While the game at release technically kept its creators’ promises of nearly infinite animals, planets and star systems, the actual experience was far more pedestrian than it had been presented in trailers and interviews. Much of the core gameplay involved trudging around similar-looking environments and shooting a laser at rocks until you collected enough materials for your spaceship.Some worlds are scenic and beautiful, begging you to use the camera mode to capture the views of rolling hills with colorful plants and animals dotting the landscape and a ringed planet hanging over the horizon and peeking out between clouds; others are barren and ugly wastelands; and others are just bizarre.The new Saturn-ringed planets – one of many entries on a popular Reddit thread of things missing from the game – have featured heavily in screenshots shared by players on social media. Despite some performance issues, the visual improvements are welcome. You can now fly close to a planet’s surface, through more distinctive valleys and trenches, and damage your ship by crashing into trees.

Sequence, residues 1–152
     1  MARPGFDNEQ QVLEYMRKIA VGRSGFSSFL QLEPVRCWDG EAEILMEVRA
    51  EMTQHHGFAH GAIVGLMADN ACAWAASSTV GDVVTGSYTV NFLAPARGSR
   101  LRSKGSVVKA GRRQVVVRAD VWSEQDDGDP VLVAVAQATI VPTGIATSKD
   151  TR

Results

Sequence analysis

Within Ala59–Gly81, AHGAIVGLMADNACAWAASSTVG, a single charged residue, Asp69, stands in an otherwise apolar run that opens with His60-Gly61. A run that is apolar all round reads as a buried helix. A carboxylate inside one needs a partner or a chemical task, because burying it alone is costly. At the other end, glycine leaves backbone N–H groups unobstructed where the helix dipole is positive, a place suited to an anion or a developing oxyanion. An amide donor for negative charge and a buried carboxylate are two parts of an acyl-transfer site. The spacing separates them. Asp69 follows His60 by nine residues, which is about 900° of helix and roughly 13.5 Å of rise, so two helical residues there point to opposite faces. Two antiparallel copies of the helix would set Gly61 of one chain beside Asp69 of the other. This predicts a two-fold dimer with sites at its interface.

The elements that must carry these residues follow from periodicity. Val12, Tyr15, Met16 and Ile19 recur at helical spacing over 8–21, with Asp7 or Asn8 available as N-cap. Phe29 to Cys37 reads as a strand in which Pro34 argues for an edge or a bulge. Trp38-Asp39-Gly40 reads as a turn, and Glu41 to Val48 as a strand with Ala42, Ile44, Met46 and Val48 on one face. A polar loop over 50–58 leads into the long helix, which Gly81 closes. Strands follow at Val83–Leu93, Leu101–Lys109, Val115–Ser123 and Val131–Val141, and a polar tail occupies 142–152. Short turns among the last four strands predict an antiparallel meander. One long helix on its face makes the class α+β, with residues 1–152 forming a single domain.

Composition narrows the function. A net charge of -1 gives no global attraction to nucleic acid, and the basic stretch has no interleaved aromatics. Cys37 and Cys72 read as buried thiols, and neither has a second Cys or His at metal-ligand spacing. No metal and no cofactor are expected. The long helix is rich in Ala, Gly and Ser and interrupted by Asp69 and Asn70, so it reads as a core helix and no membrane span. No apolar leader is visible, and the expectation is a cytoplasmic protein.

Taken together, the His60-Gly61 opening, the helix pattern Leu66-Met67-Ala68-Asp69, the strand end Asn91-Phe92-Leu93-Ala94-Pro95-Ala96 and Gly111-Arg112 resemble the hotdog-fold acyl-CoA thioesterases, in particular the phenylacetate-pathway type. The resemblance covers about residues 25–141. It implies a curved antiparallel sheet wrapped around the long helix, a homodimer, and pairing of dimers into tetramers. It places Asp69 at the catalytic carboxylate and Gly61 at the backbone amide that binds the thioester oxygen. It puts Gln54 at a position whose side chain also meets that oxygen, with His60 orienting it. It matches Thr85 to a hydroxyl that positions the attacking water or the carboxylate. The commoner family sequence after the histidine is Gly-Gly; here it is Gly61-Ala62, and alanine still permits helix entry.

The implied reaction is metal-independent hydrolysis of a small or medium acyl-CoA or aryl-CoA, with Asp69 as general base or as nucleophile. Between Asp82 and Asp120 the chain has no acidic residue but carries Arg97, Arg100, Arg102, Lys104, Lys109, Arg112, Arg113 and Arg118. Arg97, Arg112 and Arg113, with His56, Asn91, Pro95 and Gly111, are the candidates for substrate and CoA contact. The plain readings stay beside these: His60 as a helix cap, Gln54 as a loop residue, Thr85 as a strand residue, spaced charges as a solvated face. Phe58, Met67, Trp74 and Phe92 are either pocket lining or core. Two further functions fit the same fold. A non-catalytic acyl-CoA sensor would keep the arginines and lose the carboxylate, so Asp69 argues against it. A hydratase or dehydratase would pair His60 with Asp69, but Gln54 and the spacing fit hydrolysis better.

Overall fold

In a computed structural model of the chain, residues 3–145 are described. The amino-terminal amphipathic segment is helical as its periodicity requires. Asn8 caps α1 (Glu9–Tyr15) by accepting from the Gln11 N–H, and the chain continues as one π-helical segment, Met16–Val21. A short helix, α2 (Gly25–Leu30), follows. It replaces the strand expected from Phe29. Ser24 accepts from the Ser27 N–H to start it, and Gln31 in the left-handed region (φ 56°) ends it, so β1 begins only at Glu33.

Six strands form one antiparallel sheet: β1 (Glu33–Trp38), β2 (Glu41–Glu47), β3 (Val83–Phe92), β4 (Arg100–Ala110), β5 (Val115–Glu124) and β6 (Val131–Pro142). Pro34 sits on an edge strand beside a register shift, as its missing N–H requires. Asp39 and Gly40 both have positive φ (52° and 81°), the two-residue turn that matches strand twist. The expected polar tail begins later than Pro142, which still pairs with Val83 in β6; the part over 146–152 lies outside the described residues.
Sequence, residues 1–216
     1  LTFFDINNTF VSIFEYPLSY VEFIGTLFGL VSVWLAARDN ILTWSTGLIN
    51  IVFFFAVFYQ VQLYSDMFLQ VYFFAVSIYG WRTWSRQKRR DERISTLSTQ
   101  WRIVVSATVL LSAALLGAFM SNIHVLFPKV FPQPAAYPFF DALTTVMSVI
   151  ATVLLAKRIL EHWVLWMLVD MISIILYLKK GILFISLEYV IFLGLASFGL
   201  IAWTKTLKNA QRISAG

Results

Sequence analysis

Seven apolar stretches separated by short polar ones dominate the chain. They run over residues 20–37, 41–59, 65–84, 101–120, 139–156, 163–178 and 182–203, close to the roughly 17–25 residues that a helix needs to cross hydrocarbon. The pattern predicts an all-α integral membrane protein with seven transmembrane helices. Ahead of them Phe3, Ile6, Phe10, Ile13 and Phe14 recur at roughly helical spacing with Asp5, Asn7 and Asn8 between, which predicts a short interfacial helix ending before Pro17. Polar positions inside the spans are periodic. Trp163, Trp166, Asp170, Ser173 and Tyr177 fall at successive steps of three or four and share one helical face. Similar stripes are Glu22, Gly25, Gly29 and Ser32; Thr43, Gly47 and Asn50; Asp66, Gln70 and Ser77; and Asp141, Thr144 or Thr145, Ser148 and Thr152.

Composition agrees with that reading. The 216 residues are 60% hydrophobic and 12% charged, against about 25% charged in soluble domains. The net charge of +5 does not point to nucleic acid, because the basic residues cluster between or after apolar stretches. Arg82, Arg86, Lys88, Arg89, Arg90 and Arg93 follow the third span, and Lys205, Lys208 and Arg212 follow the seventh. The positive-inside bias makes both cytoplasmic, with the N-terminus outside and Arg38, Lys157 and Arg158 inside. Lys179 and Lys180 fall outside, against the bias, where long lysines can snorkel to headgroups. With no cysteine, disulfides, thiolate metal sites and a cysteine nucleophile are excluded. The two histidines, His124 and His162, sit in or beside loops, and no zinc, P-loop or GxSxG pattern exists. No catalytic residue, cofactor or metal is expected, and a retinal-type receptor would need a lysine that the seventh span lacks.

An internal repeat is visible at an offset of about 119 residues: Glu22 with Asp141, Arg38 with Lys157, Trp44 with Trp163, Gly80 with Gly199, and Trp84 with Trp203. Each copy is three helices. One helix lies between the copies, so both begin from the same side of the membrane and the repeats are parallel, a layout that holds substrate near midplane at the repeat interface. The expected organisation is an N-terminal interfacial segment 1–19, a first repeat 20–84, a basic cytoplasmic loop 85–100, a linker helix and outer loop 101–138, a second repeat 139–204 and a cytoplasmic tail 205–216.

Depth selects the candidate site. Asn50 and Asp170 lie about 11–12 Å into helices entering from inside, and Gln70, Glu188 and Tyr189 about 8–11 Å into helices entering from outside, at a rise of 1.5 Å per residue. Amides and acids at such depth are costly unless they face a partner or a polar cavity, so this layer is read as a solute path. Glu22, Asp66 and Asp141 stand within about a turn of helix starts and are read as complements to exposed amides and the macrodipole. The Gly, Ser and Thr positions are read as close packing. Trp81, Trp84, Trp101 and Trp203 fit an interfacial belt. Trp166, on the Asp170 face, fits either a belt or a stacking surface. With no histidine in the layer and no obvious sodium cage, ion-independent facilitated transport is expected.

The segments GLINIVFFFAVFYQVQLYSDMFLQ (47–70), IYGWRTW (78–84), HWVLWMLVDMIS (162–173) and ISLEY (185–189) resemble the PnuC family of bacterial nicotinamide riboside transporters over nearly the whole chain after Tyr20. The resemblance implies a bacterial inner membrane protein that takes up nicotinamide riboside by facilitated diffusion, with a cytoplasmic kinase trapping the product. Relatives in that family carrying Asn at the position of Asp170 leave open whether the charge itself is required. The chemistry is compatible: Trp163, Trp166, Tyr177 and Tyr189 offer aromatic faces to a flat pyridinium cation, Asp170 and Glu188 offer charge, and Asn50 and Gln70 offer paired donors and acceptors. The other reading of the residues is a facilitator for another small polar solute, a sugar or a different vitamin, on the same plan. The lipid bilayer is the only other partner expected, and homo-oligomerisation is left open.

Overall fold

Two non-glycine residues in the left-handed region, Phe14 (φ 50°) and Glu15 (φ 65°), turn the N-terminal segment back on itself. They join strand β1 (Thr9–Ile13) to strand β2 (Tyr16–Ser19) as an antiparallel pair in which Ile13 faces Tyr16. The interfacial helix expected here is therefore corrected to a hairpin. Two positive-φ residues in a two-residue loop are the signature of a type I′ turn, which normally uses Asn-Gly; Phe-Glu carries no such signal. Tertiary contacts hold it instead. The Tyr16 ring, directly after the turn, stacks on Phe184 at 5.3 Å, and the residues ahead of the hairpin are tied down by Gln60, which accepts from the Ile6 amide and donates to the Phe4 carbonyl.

This summer, however, marks its biggest update yet. Dubbed No Man’s Sky NEXT, it’s essentially version 2.0, a soft relaunch of the game that brings it closer in line with the expectations many had for it. For many, the biggest of these changes is multiplayer: Now you can explore the game’s unprecedented vastness with up to three friends. So of course we strapped back into our starships to check it all out.It is a grander, more cohesive experience that makes the infinite expanse of space feel much less lonely. But what Next really ends up emphasizing through all of its quality-of-life improvements and additions was that the game we got on day one was always going to be “the game.”The opening hours of No Man’s Sky: Next are still mostly flailing about, shooting laser beams at dozens of rocks that all kind of look the same on dozens of planets that also kind of look the same. It’s a great game to play while doing something else—running Netflix on a second monitor, for instance. What you seek can vary; it may be answers that explain your identity crisis and the odd state of the universe or a wealth of natural resources to fund an extended tour of strange, far-off planets. Though you begin as a disadvantaged lost soul, it’s entirely possible to study your surroundings, take advantage of what they have to offer, and become a social and military force in the eyes of No Man’s Sky’s alien races.Well, if you’re not interested in a pointless stress simulator, you’re playing the wrong game. Cards on the table: I am one of the people who did not care for No Man’s Sky 1.0 when it launched a couple of years ago. I put about four hours into it, decided the gameplay was too clunky and the goals were too obtuse, and never touched it again.As you’d expect from procedurally generated content, these missions are basic and begin to feel similar after you’ve tackled a few, but they do vary from “collect 250 chromatic metal” to “take a photo on a desert planet”.